- Groom P K 2002 Seedling water stress response of two sandplain Banksia species differing in ability to tolerate drought. J. Medit. Ecol. 3, 3–9.
- Hatton T J and Nulsen R A 1999 Towards achieving functional ecosystem mimicry with respect to water cycling in southern Australian agriculture. Agrofor. Syst. 45, 203–214.
- Hatton T J, Ruprecht J and George R J 2003 Preclearing hydrology of the Western Australian wheatbelt: target for the future? Plant Soil, 257, 341–356.
- Hutley L B, O'Grady A P and Eamus D 2000 Evapotranspiration from Eucalypt open-forest savanna of Northern Australia. Funct. Ecol. 14, 183–194.
- Jarvis P G and McNaughton K G 1986 Stomatal control of transpiration. Adv. Ecol. Res. 15, 1–49.
- Körner Åh 1995 Leaf diffusive conductances in the major vegetation types of the globe. In Ecophysiology of Photosynthesis. Eds. E-D Schulze and M M Åaldwell. pp. 463–490. Springer, Berlin.
- McArthur W M 1991 Reference Soils of South-Western Australia. Department of Agriculture, Perth, Australia.
- Pate J S and Bell T L 1999 Application of the ecosystem mimic concept to the species-rich Banksia woodlands of Western Australia. Agroforestry Syst. 45, 303–341.
- Rokich D P, Meney K A, Dixon K W and Sivasithamparam K 2001 The impact of soil disturbance on root development in woodland communities in Western Australia. Aust. J. Bot. 49, 169–183.
- Salama R B, Bekele E, Hatton T J, Pollock D W and Lee-Steere N 2002 Sustainable yield of groundwater of the Gnangara Mound, Perth, Western Australia. In Proceedings International Åonference on Balancing the Groundwater Budget, May 2002, Darwin, Northern Territory, Australia, IAH Australia.
- Salleo S and Lo Gullo M A 1990 Sclerophylly and plant water relations in three Mediterranean Quercus species. Ann. Bot. 65, 259–270.
- Sharma M L, Farrington P and Fernie M 1983 Localised groundwater recharge on the ‘Gnangara Mound', Western Australia. In Papers of the International Åonference on Groundwater and Man, Vol. 1: The Investigation and Assessment of Groundwater Resources. pp. 293–302. Åonference Series No. 8, Australian Water Resources Åouncil.
- Sharma ML and Pionke H B 1984 Estimating groundwater recharge from measurements of environmental tracers in the vadose zone. In Proceedings of the NWWA/US EPA Åonference on Åharacterization and Monitoring of the Vadose (Unsaturated) Zone. Ed. D M Nielsen pp. 799–819. Las Vegas, Nevada.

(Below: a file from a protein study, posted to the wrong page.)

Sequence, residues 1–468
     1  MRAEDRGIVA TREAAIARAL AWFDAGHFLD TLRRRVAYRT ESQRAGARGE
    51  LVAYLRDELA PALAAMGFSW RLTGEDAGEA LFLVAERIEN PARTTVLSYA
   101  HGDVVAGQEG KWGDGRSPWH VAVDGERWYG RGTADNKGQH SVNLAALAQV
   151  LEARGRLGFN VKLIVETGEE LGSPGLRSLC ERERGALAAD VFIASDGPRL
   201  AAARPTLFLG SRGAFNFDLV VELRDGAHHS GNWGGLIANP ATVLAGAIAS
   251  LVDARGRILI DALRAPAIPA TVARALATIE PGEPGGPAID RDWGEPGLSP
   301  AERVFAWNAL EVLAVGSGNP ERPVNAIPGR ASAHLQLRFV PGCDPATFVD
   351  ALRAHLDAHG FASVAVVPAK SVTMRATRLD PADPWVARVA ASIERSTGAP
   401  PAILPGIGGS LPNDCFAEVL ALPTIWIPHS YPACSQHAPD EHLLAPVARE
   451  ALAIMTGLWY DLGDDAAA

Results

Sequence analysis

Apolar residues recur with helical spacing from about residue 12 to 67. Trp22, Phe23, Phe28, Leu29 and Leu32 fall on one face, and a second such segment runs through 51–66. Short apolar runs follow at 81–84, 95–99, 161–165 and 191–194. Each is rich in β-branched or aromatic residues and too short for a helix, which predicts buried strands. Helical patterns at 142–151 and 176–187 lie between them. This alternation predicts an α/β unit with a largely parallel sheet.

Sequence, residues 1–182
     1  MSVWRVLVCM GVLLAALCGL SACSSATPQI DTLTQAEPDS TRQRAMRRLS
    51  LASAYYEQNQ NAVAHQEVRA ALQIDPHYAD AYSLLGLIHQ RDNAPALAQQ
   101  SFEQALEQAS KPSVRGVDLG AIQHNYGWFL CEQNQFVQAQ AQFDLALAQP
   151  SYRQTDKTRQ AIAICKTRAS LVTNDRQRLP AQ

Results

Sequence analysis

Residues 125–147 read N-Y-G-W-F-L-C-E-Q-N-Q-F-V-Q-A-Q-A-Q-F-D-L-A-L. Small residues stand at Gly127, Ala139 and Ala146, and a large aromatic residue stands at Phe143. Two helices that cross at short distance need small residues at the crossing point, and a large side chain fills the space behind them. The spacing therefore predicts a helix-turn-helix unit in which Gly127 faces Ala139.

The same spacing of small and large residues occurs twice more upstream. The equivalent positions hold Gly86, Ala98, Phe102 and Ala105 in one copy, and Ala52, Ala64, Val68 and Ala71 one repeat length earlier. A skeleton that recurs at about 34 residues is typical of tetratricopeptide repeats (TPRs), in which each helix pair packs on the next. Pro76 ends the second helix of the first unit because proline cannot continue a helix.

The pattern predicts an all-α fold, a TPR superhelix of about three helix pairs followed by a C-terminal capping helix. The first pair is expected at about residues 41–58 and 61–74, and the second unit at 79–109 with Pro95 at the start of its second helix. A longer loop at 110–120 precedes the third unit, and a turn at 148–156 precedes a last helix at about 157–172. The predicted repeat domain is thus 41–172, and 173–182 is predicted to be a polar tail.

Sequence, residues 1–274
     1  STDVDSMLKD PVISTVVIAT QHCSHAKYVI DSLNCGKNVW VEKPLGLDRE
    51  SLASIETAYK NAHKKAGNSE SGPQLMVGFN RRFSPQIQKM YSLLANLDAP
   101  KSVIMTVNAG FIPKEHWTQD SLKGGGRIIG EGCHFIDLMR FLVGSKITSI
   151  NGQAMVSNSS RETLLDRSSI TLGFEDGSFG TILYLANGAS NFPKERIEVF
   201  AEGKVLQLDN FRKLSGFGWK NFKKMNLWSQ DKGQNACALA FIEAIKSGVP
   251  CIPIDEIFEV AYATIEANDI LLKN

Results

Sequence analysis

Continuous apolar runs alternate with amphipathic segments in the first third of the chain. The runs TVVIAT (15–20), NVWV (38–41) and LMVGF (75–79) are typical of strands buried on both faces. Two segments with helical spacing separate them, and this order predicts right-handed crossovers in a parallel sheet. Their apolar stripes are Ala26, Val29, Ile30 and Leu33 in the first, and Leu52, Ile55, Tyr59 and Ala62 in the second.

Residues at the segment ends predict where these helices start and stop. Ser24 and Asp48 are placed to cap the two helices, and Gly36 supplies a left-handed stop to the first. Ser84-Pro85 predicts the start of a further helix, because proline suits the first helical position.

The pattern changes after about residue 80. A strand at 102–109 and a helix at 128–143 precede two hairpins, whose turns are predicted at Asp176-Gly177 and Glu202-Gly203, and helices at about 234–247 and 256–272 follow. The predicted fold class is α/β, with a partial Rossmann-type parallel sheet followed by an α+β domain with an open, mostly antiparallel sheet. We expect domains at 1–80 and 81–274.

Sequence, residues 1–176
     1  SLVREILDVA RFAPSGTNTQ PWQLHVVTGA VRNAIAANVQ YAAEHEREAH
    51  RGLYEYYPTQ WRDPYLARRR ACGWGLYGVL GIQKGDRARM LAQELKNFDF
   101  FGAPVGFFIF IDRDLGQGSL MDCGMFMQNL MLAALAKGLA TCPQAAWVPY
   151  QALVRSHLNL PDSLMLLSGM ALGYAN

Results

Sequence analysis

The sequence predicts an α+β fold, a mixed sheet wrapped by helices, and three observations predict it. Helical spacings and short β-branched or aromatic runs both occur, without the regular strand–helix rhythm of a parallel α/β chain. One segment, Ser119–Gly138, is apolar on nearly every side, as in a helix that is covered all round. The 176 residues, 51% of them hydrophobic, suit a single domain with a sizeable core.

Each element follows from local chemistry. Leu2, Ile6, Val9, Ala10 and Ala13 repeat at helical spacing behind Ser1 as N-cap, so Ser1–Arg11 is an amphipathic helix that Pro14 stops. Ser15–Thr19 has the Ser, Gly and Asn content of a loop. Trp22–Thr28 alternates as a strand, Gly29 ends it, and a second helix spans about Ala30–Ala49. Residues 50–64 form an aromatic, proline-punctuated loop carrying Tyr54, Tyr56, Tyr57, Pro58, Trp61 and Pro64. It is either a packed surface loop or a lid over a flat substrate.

- Specht R L and Specht A 1989 Åanopy structure in Eucalyptusdominated communities in Australia along climatic gradients. Acta Oecol./ Oecol. Plant. 10, 191–213.
- Thorpe P M 1989 Tritium as an indicator of groundwater recharge to the Gnangara groundwater mound on the Swan Åoastal Plain, Perth, Western Australia. In Groundwater Recharge. Ed. M L Sharma. pp. 41–55. Balkema, Rotterdam.
- Western Australian Herbarium 1998. FloraBase – Information on the Western Australian flora. Department of Åonservation and Land Management. http://www.calm.wa.gov.au/science/flor abase.html
- White D A, Battaglia M, Macfarlane Å, Mummery D, McGrath J F and Beadle Å L 2003 Selecting species for recharge management in Mediterranean south western Australia – some ecophysiological considerations. Plant Soil 257, 283–293.
- Yates Å J and Hobbs R J 1997 Temperate eucalypt woodlands: a review of their status, processes threatening their persistence and techniques for restoration. Aust. J. Bot. 45, 949–973.
- Zencich S J, Froend R H, Turner J V and Gailitis V 2002 Influence of groundwater depth on the seasonal sources of water accessed by Banksia tree species on a shallow, sandy coastal aquifer. Oecologia 131, 8–19.
- Seasonal patterns in water use and leaf turnover of different plant functional types in a species-rich woodland, south-western Australia
Plant and Soil
Volume 257, Issue 2 , pp 295-304
- Cover Date
- Print ISSN
- Online ISSN
- Kluwer Academic Publishers
- Additional Links
- Banksia woodland
- leaf area index
- Mediterranean climate
- plant water status
- water balance
- Industry Sectors